Background: Animal germ cells differentiate as sperm or as oocytes. These sexual fates are controlled by complex regulatory pathways to ensure that the proper gametes are made at the appropriate times. Summary: Nematodes like Caenorhabditis elegans and its close relatives are ideal models for studying how this regulation works, because the XX animals are self-fertile hermaphrodites that produce both sperm and oocytes. In these worms, germ cells use the same signal transduction pathway that functions in somatic cells. This pathway determines the activity of the transcription factor TRA-1, a Gli protein that can repress male genes. However, the pathway is extensively modified in germ cells, largely by the action of translational regulators like the PUF proteins. Many of these modifications play critical roles in allowing the XX hermaphrodites to make sperm in an otherwise female body. Finally, TRA-1 cooperates with chromatin regulators in the germ line to control the activity of fog-1 and fog-3, which are essential for spermatogenesis. FOG-1 and FOG-3 work together to determine germ cell fates by blocking the translation of oogenic transcripts. Key Messages: Although there is great diversity in how germ cell fates are controlled in other animals, many of the key nematode genes are conserved, and the critical role of translational regulators may be universal.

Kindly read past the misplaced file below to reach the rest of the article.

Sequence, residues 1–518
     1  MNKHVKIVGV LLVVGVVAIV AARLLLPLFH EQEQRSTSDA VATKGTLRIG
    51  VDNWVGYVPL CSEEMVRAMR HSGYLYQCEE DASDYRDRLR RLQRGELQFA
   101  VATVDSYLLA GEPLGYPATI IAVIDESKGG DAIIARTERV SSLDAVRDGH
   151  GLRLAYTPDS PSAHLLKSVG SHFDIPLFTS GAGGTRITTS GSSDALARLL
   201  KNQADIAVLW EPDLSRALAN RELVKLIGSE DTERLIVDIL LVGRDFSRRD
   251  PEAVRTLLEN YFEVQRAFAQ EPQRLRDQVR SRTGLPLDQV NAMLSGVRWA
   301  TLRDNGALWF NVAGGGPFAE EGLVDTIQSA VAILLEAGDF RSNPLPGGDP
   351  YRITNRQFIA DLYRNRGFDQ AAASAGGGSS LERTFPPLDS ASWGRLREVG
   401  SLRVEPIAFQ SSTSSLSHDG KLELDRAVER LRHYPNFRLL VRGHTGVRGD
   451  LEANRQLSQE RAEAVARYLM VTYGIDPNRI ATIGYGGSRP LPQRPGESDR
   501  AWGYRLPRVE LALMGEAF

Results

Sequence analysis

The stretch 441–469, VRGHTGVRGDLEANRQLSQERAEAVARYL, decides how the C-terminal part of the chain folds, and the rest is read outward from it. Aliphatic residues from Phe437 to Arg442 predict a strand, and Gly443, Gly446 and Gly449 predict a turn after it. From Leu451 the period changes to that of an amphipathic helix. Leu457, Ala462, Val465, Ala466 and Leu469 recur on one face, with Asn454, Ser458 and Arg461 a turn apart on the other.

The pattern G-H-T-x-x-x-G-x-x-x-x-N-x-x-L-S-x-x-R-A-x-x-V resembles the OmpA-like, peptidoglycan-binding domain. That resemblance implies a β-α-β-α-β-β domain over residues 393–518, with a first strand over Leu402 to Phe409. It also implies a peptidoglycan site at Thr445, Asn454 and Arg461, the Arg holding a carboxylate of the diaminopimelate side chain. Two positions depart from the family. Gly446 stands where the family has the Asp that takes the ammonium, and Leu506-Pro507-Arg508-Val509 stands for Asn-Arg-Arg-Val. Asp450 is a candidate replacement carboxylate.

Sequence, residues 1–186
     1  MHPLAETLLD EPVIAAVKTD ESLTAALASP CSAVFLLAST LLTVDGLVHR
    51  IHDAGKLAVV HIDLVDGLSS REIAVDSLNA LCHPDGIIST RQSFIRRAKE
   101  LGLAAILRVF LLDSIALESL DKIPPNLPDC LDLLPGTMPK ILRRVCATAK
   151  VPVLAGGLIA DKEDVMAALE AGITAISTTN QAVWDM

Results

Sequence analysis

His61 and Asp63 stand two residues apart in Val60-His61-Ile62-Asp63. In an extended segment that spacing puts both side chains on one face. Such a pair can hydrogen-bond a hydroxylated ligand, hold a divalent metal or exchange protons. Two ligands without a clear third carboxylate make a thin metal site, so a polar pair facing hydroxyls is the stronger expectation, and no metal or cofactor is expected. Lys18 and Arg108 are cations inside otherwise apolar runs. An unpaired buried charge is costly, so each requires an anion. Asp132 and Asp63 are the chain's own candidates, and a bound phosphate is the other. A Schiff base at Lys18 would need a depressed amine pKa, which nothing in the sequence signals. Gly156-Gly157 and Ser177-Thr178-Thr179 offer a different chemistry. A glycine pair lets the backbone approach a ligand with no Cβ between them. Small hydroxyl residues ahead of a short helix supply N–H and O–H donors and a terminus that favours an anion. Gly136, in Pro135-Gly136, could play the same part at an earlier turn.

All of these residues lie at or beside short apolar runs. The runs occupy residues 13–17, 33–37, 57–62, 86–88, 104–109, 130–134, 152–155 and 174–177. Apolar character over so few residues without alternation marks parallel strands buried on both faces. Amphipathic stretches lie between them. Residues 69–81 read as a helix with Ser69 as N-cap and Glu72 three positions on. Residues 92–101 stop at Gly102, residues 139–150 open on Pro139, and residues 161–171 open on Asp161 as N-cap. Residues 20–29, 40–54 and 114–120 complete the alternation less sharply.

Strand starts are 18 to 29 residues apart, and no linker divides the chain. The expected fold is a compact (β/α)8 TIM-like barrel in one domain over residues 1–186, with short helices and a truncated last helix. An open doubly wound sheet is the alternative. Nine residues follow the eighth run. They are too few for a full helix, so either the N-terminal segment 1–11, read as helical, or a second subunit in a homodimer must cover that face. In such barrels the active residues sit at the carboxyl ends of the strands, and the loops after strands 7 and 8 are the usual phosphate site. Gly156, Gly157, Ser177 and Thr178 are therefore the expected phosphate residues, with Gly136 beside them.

All Science Journal Classification (ASJC) codes
- Endocrinology, Diabetes and Metabolism
- Developmental Biology